Your account is not active. We have sent an email to the address you provided with an activation link. Check your inbox, and click on the link to activate your account. These rare and beautiful vintage photos of Native American girls were taken between the late s and the turn of the 19th Century, yet despite being over a hundred years old, many of the old photos are still in mint condition. Women were well respected in traditional Native American tribe culture, and although they generally had different roles from men, the Native American women often had the same rights as their male counterparts. They usually owned the home along with everything in it, and in some tribes, while the chief was a man, it was the women who were responsible for electing him. Scroll down below to check these beautiful old photos for yourself!
Marcia Pascal, Half-cherokee, Daughter Of U.s. Army Officer George W. Paschal, 1880s
By Daily Mail Reporter. These are the remarkable portraits of Native Americans before the influence of Western society tainted their tribes. A century ago, photographer and ethnologist Edward S.
View in National Archives Catalog. The pictures listed in this leaflet portray Native Americans, their homes and activities. All of the pictures described in the list are either photographs or copies of artworks. Any item not identified as an artwork is a photograph. Whenever available, the name of the photographer or artist and the date of the item have been given. This information is followed by the identification number. The pictures are grouped by subject. English names of individuals have been used, with native or secondary designations in parentheses.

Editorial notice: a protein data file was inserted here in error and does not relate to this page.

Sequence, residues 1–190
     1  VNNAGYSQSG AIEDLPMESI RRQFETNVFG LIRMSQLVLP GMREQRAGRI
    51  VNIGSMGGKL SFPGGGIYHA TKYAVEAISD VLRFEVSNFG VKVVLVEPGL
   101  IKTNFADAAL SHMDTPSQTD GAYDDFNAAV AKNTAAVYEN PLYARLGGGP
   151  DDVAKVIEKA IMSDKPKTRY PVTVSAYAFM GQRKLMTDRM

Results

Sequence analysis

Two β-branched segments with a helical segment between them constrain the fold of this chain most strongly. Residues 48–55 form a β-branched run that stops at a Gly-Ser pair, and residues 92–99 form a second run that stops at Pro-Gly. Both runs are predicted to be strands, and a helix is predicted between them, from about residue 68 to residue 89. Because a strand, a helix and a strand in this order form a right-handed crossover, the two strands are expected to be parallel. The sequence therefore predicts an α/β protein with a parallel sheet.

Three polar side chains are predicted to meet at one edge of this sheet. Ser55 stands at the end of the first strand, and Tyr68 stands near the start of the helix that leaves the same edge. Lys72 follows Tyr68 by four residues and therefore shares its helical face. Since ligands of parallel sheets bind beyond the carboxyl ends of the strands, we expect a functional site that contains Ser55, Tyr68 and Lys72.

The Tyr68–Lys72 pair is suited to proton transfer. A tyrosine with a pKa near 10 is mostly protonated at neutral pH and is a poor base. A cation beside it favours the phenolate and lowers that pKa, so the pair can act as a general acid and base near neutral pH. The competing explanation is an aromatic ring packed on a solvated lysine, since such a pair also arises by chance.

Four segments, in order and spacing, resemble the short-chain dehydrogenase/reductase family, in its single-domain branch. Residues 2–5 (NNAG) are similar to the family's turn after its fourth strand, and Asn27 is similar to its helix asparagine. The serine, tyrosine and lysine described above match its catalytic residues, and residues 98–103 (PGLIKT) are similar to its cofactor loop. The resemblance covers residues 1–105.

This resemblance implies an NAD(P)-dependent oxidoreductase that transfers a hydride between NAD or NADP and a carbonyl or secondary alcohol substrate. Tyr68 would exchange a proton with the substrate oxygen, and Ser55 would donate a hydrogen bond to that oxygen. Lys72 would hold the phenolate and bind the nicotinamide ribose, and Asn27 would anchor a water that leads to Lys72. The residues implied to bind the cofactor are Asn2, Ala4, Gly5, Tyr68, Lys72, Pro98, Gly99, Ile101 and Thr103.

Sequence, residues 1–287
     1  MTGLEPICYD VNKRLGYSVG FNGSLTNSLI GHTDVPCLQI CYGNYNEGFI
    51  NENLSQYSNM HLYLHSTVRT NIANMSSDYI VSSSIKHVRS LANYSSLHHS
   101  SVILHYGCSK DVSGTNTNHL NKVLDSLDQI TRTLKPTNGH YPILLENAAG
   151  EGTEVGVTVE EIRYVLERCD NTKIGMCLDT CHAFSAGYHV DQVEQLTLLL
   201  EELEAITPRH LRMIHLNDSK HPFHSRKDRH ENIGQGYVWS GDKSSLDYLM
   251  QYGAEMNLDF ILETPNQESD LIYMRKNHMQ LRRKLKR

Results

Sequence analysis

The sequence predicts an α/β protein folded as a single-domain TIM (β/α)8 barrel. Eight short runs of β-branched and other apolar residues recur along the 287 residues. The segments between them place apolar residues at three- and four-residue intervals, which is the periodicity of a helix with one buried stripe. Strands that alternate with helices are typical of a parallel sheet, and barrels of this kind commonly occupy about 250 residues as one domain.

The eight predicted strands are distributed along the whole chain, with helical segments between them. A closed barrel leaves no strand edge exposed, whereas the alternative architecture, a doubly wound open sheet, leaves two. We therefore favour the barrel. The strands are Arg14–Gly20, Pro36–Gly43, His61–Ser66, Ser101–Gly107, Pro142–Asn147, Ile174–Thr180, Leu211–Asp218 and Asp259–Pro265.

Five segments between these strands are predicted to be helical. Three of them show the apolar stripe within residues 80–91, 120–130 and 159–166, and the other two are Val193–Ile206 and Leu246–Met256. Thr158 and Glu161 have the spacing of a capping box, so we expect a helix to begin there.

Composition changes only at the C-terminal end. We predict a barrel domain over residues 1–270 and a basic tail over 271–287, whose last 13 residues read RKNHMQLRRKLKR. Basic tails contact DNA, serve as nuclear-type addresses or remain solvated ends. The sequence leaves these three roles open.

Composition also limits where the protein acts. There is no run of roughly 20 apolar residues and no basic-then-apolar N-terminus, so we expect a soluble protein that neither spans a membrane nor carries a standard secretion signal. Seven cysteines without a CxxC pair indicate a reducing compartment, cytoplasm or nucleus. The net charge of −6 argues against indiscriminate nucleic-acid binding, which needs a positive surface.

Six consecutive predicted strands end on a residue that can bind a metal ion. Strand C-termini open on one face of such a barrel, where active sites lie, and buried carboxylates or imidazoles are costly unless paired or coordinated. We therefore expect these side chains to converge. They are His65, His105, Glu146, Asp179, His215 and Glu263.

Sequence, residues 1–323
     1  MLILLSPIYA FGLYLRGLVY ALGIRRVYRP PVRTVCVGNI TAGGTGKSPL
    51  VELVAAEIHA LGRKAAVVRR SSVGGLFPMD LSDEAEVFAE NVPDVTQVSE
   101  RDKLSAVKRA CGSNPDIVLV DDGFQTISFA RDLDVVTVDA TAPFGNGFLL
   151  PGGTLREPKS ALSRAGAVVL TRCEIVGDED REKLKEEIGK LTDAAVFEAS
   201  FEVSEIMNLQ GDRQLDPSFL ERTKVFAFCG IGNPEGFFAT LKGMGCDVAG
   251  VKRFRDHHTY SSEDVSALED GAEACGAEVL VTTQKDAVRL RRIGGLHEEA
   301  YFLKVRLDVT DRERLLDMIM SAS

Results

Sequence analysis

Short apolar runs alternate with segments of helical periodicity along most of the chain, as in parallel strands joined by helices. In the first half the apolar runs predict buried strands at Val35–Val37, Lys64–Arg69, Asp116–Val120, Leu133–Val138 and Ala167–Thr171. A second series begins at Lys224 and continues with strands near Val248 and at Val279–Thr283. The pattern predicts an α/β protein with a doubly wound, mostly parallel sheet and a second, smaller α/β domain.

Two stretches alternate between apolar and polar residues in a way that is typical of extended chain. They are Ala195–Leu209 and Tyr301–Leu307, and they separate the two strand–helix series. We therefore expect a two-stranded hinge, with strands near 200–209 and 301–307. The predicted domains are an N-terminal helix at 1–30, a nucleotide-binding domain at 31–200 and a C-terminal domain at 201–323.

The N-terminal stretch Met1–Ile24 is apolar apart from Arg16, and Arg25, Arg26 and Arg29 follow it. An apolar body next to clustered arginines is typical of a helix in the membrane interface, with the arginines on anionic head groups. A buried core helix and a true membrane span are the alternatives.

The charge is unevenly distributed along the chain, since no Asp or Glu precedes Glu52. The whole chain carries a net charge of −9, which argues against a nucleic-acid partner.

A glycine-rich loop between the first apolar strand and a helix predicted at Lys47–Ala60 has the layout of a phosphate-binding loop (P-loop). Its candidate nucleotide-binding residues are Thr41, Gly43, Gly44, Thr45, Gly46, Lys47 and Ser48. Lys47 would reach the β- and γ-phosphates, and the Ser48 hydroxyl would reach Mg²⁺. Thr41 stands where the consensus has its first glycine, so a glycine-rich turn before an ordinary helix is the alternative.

Scott Momaday gave a modern Native American interpretation of Columbus's first contact with the New World through a triptych of paintings. His twelve-foot-long collection of acrylic-on-canvas paintings were individually entitled Palos , Admiral of the Sea , and San Salvador. Upon their release, Momaday publicly described the third painting in the series, San Salvador , as "a depiction of Columbus in a full figure adjacent to an Indian child; Columbus is an emaciated, death-like figure, and the child is pure innocent, small and naked. It's a confrontation of the old world and the new world. The purpose of this essay is to raise questions concerning the portrayal of the indigenous child versus that of Columbus; I will analyze the interaction between the two figures and examine how the indigenous child's depiction is a projection of indigenous American peoples and the new world, while Columbus represents Spaniards and the old world.